Jenner and bassist/vocalist Matt Safer shared front stage, taking turns to shriek, yelp and wail into the mic while drummer Vito Roccoforte shook his straight, shiny, shaggy black hair from his eyes as he pounded out primal, pulsating beats. Andruzzi, with gray-green eyes, shaggy, multi-layered brown hair and a lean build, stood stage right. In fact, faced right, so you could not see his face as he switched from keys to sax. He adds a powerfully effective new element to the band, which began as a trio in San Francisco in '98. For a few songs, Roccoforte and his kit were replaced temporarily by a drum machine the experimentation they'd done in the studio was taking a life of its own onstage.
Drowned in the music's dark, engaging edge, the band seemed entirely sucked into the potent, shattering sounds resonating from the stage and the more-more-more response from the audience. As The Rapture wrapped up an encore song, the crowd whistled, howled and stomped, demanding a second. But the band opted not to come back this time.
Fantasy Becomes Reality
They'd given all they'd got, sweated buckets and damaged plenty of eardrums, and, to me, it felt like more than enough. One might even say they were so great, it was ridiculous. "I think most of the best bands have an element of ridiculousness," Jenner, wearing an oversized navy winter coat with a fake fur-lined hood, had said shortly before the show. "You wouldn't act that way in everyday life and expect people not to laugh at you.
"They're no Bob Dylan," he later added, referring to Led Zeppelin as a prime example of a great and ridiculous band. "They're not telling it like it is they're in some fairyland.
"With ragged horses, misty mountains...," Roccoforte joked.
Which is hardly what you'd envision listening to The Rapture's sharp, industrial, wiry sounds, funked up by bass lines you wanna sing along to and slapping beats you can't help but shake your butt to. Why? Because The Rapture don't live in la-la land. Just listen to the passion within their intense, punch-you-in-the-gut tunes and you'll see they don't have to they've made their fantasy reality.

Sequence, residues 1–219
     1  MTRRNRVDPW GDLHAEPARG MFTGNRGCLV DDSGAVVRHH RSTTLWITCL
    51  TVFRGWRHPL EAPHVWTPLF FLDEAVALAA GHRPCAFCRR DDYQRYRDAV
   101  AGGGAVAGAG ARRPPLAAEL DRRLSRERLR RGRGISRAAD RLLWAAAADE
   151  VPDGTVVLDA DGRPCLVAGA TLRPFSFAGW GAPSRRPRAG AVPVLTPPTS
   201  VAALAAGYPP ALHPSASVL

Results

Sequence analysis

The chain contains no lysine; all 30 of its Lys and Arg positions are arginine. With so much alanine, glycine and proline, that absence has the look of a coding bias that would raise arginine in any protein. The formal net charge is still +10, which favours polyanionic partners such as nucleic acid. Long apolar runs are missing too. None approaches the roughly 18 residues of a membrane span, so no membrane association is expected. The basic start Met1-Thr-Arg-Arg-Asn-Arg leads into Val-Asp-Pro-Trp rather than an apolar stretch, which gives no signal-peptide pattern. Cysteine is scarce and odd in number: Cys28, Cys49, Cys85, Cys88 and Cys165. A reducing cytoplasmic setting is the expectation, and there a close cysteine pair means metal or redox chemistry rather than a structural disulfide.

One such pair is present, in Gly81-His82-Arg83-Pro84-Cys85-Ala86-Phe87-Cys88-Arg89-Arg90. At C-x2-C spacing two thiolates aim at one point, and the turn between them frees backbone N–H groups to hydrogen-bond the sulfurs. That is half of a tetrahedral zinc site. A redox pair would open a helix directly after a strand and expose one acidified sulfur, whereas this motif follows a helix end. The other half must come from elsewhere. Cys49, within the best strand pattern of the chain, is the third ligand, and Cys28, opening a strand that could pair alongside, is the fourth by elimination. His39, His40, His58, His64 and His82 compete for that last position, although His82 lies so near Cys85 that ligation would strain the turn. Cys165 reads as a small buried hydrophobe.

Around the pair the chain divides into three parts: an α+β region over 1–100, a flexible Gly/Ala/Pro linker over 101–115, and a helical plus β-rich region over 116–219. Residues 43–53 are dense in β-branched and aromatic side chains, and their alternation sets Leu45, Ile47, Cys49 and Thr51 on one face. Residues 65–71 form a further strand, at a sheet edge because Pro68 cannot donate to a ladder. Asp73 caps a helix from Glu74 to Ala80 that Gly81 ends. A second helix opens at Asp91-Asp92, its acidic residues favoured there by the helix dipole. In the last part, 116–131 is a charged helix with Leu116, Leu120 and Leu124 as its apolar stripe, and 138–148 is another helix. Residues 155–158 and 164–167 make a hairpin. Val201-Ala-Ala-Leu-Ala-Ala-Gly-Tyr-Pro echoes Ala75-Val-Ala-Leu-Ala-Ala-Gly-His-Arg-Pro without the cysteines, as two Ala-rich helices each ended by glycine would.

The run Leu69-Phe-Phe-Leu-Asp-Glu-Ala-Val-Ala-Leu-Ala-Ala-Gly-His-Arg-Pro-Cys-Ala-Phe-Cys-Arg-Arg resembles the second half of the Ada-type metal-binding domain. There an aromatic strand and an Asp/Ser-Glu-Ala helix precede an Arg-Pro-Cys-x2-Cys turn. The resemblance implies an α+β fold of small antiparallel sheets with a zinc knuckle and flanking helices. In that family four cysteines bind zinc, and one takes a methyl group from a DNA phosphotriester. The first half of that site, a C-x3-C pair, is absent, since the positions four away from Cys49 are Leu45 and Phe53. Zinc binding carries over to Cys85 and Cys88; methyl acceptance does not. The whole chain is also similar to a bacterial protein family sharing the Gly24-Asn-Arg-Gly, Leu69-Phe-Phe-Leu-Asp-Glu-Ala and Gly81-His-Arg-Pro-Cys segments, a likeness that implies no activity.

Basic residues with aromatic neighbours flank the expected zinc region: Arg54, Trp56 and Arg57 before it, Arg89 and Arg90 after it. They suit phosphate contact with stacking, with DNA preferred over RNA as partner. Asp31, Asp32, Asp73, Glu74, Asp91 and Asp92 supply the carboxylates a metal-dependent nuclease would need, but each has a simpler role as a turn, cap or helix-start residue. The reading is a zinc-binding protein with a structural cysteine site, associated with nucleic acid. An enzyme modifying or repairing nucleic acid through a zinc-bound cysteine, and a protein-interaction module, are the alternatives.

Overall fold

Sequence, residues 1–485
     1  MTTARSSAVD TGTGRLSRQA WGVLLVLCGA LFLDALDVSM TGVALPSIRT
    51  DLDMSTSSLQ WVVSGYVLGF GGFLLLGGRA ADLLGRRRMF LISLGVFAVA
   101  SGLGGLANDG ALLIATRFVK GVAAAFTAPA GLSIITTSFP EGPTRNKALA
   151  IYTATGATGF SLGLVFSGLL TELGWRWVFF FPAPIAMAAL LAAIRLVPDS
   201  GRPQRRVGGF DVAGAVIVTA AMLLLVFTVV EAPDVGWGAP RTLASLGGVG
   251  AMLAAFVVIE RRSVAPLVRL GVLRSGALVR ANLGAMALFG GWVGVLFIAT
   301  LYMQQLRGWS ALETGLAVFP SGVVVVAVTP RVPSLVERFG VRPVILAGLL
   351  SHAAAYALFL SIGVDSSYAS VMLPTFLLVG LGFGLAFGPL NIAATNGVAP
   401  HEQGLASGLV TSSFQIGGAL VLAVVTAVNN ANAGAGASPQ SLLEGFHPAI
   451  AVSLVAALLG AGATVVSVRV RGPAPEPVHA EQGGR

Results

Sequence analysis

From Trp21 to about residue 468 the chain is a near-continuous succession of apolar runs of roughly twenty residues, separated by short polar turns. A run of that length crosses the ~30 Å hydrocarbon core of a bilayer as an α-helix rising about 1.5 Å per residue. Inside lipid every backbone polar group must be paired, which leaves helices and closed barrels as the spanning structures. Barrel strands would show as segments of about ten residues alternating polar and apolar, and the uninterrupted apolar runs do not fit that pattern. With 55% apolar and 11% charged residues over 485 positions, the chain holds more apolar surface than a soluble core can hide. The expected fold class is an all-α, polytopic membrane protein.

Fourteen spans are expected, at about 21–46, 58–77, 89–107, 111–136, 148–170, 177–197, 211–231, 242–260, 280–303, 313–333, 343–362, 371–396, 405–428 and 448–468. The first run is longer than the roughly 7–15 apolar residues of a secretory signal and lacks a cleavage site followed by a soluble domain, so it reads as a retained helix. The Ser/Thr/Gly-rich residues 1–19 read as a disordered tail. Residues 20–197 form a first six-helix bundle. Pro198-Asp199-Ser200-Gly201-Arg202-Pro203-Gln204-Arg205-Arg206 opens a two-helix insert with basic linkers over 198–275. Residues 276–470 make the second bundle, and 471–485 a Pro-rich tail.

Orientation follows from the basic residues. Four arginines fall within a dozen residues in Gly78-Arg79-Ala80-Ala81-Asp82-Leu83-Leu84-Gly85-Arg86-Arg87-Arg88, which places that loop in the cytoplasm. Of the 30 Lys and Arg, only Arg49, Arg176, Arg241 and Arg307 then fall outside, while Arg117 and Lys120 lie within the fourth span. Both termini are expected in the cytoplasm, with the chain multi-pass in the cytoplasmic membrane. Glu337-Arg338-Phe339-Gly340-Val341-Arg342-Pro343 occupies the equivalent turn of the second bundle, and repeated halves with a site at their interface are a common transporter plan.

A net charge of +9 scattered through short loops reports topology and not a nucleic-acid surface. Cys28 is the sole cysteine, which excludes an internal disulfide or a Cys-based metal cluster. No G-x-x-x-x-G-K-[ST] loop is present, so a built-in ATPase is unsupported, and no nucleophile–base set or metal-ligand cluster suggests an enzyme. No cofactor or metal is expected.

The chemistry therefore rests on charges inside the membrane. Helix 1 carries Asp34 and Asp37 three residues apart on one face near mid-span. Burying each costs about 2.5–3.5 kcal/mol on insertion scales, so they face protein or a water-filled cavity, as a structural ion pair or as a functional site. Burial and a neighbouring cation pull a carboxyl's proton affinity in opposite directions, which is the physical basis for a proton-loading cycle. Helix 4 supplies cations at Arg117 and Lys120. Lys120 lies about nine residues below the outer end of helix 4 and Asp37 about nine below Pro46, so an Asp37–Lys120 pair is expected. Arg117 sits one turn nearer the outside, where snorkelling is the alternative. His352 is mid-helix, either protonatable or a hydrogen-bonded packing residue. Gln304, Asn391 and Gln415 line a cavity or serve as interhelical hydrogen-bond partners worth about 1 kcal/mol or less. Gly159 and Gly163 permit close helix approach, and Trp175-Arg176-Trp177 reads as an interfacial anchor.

The band came together in San Francisco but didn't feel truly realized until relocating to NYC, where childhood pals Jenner and Roccoforte first met cousins Safer and Andruzzi at a Halloween ball in 2000. "They were wearing really funny outfits, so we decided to talk to them," Jenner said of Safer and Andruzzi. "They were cowboys, but not the mustache kind of cowboys, the 'Easy Rider' kind."
Around that time, Safer joined up with Jenner and Roccoforte, but Andruzzi didn't become an official member until about a year ago. "We've only been going steady for a year," Andruzzi said, snickering.
"He had another girlfriend, he was out with another girl dating," Jenner chimed in.
Jenner and Roccoforte first met at Lemon Avenue Elementary School in La Mesa, Calif., and became best friends because of a shared enthusiasm for baseball and baseball cards. The two didn't begin playing music until after high school, "at which point we grew our hair really long and went to college 'cause that's what musicians are supposed to do," Jenner laughed. "Everybody thought we smoked lots of pot, but we really didn't just 'cause we had long hair."
"I had a ponytail and a pickup truck. I listened to Tool," added Roccoforte (now wearing a black T-shirt with a red horizontal stripe across the chest and a pair of dark denim jeans), his sarcasm hardly difficult to catch.
Both Jenner and Roccoforte headed north to attend San Francisco State University, where Jenner studied philosophy and Roccoforte film. Roccoforte is currently a filmmaker, though lately, he says, he has little time for it. In the Bay Area, they joined separate groups (Jenner was in Hot Wire Titans and Roccoforte in The Calculators) and eventually ended up playing in each other's bands. It wasn't long before they decided to start something together.
"Because the other bands we were in were pretty rigid in terms of genre, the whole idea for Rapture was to be able do whatever we liked," Roccoforte recalled.
Safer and Andruzzi were both brought up in Washington D.C., living in neighboring areas. "We grew up on opposite sides of the creek. We separate our neighborhoods there was a lot of animosity," Andruzzi said with a small chuckle.